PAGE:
Personal Safety Tips
While Australia is considered to be a very safe country, obviously it is still wise to avoid dangerous situations. Information relevant to the risks that may be present in the area you are visiting is usually available from the local visitor information centre.
Here are some safety tips to help you enjoy your visit:
Avoid dark public spaces when alone
Avoid hitchhiking and never hitchhike alone
Always let someone know where you are and where you are going
Take care when using automated teller machines (ATM's) and secure your cash quickly
Keep valuables out of sight and secure while travelling
Always use protection when having sexual intercourse
Drink alcohol in moderation
Travelling with a Disability
Western Australia offers a wide range of holiday experiences suited to seniors and people with disabilities.
For more information on disability services in Western Australia, visit the Access WA website.
Fire and Cyclone Safety
Western Australia's hot and dry conditions create a risk of bushfires. The cyclone season extends from 1 November to 30 April. Cyclones are very uncommon in Perth area.
When a cyclone approaches, you should listen to your radio for cyclone information. Safety information is available from Fire and Emergency Services Authority of Western Australia (FESA).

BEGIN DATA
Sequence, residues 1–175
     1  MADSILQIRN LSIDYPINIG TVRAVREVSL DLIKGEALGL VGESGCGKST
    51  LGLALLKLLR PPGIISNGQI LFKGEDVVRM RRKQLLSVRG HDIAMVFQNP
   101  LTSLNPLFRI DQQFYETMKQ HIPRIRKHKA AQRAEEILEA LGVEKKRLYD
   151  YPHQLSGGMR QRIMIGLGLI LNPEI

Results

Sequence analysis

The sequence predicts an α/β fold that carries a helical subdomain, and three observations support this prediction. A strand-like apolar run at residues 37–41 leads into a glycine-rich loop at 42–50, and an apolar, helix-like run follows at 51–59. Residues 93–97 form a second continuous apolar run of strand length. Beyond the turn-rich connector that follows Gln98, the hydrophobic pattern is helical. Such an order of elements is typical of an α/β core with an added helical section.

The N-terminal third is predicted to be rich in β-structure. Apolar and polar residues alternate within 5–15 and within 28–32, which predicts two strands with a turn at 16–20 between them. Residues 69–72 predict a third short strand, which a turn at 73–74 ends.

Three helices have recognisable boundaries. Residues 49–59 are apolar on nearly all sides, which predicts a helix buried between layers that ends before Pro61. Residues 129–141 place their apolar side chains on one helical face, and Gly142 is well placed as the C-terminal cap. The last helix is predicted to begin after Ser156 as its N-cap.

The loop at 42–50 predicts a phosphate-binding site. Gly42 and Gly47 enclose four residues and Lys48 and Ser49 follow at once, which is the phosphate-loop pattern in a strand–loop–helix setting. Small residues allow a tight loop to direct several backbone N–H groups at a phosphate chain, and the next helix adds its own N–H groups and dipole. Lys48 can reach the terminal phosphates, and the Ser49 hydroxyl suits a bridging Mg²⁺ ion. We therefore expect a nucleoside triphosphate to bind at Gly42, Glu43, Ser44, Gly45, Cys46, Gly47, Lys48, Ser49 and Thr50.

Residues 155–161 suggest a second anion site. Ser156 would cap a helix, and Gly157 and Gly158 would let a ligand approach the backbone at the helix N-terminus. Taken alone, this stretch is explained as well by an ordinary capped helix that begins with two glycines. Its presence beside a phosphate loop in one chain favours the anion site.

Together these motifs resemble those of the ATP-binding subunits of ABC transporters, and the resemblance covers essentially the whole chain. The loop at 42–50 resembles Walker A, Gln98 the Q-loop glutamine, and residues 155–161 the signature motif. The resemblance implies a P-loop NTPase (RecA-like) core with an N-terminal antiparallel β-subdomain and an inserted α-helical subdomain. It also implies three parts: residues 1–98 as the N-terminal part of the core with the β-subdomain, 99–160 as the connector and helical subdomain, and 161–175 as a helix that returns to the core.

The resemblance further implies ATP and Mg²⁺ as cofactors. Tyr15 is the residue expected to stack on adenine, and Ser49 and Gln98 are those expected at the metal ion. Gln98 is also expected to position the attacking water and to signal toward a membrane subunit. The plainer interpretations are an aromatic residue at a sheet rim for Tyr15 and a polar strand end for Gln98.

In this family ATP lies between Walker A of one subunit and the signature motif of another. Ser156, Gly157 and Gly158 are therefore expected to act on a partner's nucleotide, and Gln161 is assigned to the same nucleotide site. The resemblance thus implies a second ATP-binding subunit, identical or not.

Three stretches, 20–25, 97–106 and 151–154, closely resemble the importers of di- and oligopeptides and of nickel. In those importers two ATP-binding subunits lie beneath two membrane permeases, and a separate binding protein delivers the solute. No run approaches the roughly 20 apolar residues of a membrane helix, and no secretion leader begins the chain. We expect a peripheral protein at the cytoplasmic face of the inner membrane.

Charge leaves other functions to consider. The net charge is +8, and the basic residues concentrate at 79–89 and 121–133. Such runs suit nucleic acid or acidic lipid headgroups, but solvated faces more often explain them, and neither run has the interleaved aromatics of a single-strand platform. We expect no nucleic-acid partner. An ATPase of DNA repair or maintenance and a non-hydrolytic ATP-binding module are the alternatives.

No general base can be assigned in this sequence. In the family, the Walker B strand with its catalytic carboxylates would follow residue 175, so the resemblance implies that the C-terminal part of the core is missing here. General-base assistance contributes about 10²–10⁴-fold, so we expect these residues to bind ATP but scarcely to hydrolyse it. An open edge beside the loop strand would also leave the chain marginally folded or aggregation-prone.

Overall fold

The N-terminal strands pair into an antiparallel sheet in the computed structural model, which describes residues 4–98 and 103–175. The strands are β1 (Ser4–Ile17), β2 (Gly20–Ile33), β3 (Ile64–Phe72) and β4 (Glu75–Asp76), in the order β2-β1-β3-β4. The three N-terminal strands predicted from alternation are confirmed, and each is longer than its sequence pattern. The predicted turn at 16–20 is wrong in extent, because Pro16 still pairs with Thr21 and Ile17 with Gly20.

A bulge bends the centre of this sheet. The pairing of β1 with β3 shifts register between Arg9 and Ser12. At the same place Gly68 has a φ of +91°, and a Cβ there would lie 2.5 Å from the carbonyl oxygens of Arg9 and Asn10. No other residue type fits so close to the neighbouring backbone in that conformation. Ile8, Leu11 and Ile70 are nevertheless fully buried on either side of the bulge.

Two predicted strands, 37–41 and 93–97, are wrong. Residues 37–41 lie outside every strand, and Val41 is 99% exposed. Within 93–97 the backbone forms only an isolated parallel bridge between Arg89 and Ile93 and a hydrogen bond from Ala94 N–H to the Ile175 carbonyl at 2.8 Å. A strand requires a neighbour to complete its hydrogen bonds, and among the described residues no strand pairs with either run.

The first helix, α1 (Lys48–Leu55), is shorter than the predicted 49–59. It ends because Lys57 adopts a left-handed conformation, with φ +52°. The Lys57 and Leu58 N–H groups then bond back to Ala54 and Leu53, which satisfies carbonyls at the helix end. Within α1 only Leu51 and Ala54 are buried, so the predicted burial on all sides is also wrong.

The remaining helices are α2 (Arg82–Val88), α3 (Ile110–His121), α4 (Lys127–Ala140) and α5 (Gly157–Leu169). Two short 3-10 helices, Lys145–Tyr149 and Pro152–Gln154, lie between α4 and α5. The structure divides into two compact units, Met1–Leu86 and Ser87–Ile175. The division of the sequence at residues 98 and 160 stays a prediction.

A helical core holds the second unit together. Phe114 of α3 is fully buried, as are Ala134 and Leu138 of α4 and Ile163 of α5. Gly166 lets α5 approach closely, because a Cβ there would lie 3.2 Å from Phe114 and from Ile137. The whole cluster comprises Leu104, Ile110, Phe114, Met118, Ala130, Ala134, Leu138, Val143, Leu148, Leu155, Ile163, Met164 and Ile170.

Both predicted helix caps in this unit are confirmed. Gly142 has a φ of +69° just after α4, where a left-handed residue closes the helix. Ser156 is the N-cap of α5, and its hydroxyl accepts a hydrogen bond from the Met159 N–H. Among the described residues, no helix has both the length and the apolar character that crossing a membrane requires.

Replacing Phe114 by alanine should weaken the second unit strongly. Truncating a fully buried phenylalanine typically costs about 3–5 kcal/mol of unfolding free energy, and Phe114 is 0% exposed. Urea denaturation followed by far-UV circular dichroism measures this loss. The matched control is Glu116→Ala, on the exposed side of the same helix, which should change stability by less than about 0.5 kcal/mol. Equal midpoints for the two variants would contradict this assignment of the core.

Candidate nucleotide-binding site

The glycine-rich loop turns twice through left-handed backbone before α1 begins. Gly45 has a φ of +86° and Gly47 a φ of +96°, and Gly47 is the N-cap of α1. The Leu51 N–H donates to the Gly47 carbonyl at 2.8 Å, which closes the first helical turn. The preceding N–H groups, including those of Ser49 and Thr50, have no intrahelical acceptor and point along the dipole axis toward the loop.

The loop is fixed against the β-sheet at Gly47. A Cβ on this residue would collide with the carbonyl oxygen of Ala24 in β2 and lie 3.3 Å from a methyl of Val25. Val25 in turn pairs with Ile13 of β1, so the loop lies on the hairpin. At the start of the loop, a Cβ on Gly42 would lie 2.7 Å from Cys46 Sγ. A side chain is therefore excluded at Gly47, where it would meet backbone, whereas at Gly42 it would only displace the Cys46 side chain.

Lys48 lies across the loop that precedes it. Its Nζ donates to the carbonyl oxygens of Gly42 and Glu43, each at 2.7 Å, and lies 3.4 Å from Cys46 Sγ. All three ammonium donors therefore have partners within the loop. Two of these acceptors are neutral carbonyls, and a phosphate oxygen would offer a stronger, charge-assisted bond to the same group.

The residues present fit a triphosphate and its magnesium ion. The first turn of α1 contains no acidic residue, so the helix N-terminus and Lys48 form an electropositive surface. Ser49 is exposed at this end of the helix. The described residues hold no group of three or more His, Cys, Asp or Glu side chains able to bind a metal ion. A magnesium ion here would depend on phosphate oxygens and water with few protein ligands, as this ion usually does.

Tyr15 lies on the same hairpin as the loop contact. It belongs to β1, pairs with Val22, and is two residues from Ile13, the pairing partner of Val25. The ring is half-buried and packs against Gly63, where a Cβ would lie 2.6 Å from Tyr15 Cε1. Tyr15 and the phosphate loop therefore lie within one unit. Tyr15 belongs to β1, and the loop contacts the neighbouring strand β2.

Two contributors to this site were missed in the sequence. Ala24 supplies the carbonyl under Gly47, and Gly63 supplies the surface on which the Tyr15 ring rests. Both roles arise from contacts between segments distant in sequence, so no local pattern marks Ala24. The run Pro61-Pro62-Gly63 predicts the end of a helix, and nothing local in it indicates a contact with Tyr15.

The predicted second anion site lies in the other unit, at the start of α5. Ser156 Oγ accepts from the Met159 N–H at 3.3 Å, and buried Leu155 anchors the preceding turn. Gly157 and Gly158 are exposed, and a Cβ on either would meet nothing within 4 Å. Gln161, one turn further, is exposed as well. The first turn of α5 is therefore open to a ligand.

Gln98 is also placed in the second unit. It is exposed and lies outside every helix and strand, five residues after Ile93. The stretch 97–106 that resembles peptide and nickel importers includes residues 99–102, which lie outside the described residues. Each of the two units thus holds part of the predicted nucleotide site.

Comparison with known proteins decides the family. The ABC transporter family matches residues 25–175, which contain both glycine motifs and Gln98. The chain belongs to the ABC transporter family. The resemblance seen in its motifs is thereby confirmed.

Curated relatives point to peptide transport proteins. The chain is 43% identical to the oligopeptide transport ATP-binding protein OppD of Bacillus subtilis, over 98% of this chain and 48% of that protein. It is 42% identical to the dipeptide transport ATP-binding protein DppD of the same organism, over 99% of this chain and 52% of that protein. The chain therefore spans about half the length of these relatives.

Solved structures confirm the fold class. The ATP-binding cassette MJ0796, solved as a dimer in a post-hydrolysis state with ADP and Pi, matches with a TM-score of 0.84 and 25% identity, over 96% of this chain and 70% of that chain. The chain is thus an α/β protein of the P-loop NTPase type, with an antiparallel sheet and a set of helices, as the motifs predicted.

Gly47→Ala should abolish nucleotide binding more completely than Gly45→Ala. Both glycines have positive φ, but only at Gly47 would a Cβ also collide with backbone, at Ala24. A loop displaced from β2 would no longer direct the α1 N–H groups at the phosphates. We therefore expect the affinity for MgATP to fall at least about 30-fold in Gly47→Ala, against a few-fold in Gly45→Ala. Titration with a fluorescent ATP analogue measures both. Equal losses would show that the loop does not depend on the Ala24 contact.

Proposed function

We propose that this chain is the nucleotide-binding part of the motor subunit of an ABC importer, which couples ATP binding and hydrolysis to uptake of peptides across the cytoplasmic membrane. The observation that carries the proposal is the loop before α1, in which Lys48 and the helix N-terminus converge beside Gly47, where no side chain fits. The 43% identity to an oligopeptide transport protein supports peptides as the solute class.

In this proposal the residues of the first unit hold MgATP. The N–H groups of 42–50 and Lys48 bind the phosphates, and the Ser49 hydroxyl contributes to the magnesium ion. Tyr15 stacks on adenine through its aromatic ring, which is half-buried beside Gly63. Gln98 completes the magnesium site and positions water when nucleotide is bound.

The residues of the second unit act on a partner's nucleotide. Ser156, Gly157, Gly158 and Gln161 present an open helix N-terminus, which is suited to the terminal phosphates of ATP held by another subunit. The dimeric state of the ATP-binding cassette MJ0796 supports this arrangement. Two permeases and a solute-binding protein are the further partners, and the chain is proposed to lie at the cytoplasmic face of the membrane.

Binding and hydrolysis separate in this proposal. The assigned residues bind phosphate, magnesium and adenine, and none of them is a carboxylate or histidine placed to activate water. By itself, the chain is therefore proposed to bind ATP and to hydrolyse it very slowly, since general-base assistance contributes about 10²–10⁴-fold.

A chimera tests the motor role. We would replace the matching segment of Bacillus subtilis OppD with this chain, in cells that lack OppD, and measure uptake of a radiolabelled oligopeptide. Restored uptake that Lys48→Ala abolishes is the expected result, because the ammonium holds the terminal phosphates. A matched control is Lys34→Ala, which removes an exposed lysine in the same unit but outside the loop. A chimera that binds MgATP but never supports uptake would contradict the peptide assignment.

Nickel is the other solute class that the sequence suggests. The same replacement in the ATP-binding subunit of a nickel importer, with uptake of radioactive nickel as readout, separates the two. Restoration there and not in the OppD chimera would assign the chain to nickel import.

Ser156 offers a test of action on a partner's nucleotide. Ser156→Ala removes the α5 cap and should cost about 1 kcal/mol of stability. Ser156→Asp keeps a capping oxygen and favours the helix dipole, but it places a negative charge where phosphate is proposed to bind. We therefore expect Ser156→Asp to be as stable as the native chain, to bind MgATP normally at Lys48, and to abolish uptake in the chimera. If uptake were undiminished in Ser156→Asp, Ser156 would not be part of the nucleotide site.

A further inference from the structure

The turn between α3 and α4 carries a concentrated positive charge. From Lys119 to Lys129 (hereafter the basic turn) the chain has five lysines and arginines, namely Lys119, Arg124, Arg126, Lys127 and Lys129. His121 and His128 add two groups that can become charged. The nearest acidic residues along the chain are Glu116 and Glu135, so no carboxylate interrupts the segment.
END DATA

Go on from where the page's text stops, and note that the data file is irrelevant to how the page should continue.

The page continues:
Travellers should always wear a wide brimmed hat, long-sleeved shirt, sunglasses and at least an SPF 15+ sunscreen when outdoors and drink plenty of water. It is recommended that you drink at least two litres each day.
Be sure to wear sun protective clothing, sunscreen, a hat and sunglasses and seek shade to protect your skin from skin cancer and other sun damage. Take extra care when outdoors between 10:00am and 3:00pm when UV radiation is most intense.
Safety at the Beach
Always swim or surf at a beach patrolled by lifesavers
Swim between the red and yellow flags, they mark the safest areas to swim
Always swim under supervision, or with a friend
Read and obey the signs
If you are unsure of conditions, ask a lifesaver
Don't swim directly after a meal
Don't swim under the influence of alcohol or drugs
Don't run and dive in the water
Conditions change regularly; check before you enter the water
If you get into trouble in the water, don't panic - signal for help, float and wait for assistance
Float with a rip current or undertow, do not swim against it